Thursday, August 18, 2016

18 August 2016
“So when you are offering your gift at the altar, if you remember that your brother or sister has something against you, leave your gift there before the altar and go; first be reconciled to your brother or sister, and then come and offer your gift.” (Matthew 5:23-24, NRSV)
“And whenever you stand praying, forgive, if you have anything against anyone, so that you’re Father also who is in heaven may forgive you your trespasses.” (Mark 11:25, NRSV)
“We know that we have passed out of death into life, because we love the brothers. Whoever does not love abides in death. Everyone who hates his brother is a murderer, and you know that no murderer has eternal life abiding in him.” (1 John 3:14-15, NRSV)
            Good morning, and thank you for joining me. Today we consider reconciliation, the final expression, so to speak, of our discussion on anger. The word Matthew uses for reconciled occurs only here in the New Testament. It has the sense of being thoroughly changed, of ending a useless hostility. Fitting, then, that this would be the result our changed attitudes toward God and one another. My thinking here is this is a very clear statement that Jesus expects us to forgive one another if we are to be forgiven-at the very least, to forgive one another because we have been forgiven. It is the principle of greater to lesser, illustrated in Matthew 18:23-35 (see also Matthew 6:15; Mark 11:25-26; James 2:13; Proverbs 21:13).
            This brings us back to the idea that we are all equal before God, who, as our creator, is the only one qualified to judge any of us. It is, I believe, one of the more radical principles of life in the Kingdom. Paul puts it this way in Romans 14:13 “Let us therefore no longer pass judgment on one another, but resolve instead never to put a stumbling block or hindrance in the way of another.” Paul may have been writing to believers, but that statement was preceded by a reminder that we will all be accounted to God. He is echoing Jesus teaching in Matthew 18:6-7: “If any of you put a stumbling block before one of these little ones who believe in me, it would be better for you if a great millstone were fastened around your neck and you were drowned in the depth of the sea. Woe to the world because of stumbling blocks! Occasions for stumbling are bound to come, but woe to the one by whom the stumbling block comes!”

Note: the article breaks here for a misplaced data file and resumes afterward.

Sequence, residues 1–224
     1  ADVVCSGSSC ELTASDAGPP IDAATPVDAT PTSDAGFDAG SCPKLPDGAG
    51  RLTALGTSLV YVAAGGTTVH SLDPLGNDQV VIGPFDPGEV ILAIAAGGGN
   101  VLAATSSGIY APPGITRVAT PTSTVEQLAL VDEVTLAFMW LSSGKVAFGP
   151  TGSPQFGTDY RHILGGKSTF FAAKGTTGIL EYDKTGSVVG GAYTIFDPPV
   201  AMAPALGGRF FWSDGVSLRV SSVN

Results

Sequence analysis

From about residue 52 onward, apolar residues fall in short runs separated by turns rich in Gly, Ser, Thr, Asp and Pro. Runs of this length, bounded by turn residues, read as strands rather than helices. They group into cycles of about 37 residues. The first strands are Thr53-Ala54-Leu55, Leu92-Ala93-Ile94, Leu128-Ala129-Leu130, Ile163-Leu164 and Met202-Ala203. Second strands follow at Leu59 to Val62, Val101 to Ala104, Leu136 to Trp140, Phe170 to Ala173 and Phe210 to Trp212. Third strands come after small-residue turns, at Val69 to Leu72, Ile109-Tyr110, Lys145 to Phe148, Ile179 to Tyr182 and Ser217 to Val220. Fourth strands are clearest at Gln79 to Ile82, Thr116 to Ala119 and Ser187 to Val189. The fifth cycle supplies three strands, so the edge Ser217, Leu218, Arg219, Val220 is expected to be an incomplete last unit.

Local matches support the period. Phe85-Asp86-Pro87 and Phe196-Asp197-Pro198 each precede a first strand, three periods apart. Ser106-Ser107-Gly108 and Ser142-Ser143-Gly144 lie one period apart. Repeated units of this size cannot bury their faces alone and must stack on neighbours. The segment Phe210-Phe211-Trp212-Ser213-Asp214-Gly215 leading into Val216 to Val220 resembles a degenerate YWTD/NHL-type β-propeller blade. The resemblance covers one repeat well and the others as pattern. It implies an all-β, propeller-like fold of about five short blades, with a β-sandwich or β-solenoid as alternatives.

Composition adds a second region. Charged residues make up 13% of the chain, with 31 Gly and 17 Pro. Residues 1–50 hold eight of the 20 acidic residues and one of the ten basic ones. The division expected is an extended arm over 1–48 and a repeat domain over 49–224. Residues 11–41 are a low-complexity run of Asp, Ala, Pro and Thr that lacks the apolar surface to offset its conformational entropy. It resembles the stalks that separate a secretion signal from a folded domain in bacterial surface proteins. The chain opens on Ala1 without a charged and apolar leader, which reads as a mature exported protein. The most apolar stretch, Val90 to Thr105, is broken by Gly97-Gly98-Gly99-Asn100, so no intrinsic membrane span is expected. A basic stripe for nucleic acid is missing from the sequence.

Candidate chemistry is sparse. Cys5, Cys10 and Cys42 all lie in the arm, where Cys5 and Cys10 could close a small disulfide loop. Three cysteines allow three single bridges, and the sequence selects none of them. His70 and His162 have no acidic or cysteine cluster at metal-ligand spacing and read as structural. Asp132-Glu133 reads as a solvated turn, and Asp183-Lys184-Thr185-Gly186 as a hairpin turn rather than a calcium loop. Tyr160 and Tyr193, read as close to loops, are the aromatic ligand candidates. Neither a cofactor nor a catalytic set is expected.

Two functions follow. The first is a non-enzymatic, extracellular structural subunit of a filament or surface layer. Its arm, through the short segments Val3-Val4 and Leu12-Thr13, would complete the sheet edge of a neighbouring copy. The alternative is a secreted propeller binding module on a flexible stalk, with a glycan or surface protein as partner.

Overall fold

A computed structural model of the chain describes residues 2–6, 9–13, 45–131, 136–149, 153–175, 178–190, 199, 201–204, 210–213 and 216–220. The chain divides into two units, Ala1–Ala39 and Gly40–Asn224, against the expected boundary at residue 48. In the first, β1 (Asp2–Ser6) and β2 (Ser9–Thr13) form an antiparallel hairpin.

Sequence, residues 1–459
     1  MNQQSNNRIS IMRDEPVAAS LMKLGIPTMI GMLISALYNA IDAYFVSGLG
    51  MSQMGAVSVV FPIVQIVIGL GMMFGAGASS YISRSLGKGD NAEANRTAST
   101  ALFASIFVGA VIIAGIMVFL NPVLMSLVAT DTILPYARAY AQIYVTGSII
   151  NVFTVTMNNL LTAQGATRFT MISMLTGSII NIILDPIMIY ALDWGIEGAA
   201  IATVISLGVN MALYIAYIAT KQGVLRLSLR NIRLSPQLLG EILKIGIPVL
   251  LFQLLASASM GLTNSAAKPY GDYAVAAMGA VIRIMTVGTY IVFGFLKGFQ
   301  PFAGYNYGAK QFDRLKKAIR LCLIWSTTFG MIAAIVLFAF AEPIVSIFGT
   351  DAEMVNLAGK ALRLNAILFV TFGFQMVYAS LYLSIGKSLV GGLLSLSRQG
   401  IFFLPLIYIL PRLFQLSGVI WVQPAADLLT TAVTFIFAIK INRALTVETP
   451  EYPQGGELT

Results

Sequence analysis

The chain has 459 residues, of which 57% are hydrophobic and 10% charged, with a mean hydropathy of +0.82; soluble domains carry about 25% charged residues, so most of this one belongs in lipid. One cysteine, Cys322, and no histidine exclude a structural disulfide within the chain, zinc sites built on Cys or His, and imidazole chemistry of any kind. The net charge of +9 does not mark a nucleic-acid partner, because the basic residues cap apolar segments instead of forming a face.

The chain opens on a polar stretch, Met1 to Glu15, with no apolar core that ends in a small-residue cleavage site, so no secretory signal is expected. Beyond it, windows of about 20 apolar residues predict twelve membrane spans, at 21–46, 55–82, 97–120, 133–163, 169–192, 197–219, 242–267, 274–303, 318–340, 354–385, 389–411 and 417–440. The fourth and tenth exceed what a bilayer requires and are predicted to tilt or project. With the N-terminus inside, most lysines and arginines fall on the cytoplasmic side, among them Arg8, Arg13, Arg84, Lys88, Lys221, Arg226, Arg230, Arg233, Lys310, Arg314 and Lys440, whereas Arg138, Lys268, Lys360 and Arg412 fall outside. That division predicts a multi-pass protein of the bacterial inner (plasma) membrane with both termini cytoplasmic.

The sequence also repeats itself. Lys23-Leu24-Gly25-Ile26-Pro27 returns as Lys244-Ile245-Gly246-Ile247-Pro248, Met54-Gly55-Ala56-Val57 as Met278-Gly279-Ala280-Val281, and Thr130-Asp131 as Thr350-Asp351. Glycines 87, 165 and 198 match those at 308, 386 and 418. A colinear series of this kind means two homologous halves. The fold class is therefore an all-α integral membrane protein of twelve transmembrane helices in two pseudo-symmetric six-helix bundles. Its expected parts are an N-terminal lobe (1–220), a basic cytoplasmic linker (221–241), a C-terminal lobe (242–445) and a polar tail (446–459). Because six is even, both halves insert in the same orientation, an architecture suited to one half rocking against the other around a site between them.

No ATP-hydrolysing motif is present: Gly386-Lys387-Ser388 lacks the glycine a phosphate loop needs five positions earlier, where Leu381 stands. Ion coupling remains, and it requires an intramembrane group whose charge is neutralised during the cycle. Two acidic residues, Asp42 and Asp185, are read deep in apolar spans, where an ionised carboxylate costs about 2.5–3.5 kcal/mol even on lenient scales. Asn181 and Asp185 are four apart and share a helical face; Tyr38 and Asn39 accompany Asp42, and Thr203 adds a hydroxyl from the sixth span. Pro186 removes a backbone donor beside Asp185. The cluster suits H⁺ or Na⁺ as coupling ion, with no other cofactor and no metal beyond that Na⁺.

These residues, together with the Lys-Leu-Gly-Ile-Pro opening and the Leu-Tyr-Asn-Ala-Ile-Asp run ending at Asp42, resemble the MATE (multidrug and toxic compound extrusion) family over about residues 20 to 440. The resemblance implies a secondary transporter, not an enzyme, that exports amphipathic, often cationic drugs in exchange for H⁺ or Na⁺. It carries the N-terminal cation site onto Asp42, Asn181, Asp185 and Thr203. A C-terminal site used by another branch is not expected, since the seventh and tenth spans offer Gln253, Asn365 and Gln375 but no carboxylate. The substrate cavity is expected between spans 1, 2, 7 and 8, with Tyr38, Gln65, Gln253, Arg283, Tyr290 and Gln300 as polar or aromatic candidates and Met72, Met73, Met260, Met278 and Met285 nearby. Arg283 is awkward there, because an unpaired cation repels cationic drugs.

The points I am making here, the issues I am trying to press home, are 1) We must be very careful how we act, because people are watching, and we do not want to be the cause of anyone’s rejection of God’s grace shown in Christ and 2) because of that, we need to do everything in our power to maintain peace with our brothers and sisters, as much as it depends on us. This is what the Beatitudes teach. This idea probably wasn’t received so well by those who believed their righteous standing with God put Him squarely on their side.
            There also seems to be another side to Jesus’ teaching here-the idea of settling debts owed. It’s really two sides to the same coin-maintaining right relationships on all fronts. Paul addresses this idea of believers settling their differences in 1 Corinthians 6 and hits the nail on the head in v.7, where he says to have a lawsuit at all is a defeat-why not just be wronged? I think this is probably where Jesus is going here, this idea of surrendering our rights.
            Given the overall state of the country today, I don’t see where this is any less radical now than it was when Jesus first said it. The idea that to be right with God we must first be right with one another-which may very well involve giving up our right to have this thing or do that one; that anger and insults and contempt are the spiritual equivalent of murder-simply does not play well today. And yet this is what we are called to as citizens of the Kingdom.
            By the way, speaking of rights, the bottom line here is Jesus Christ alone is the one who has a legitimate claim on our lives. He has this claim on all humanity, believers and unbelievers alike. When He returns to claim this right, we do not want to be found to have prevented anyone from entering the Kingdom because of our selfish behavior.
            In closing, let me ask you-who might you need to get reconciled with? I’m not necessarily talking about major arguments here. This could be something small-an angry Facebook response (I’ve posted my share of those); an unkind word directed towards a coworker or spouse or child or parent; or simply not listening when one of the above was speaking to you. This is an important point-listening. True listening creates a bond that is not easily broken; blowing people off raises walls hard to tear down. So make a list or two (you knew this was coming, right?). Get started today. The disagreements of today, once reconciled, have the potential to become pleasant memories tomorrow. Think about this. You have the choice-harbor resentment for a lifetime or laugh about the time you argued over how to cook the rice or set the social hall (or who would do the setting) or serve communion. I may have said this before but it bears repeating-God loves to see His children get along.
May the grace of our Lord Jesus Christ, the love of God, and the fellowship of the Holy Spirit be with you all today. JRG  

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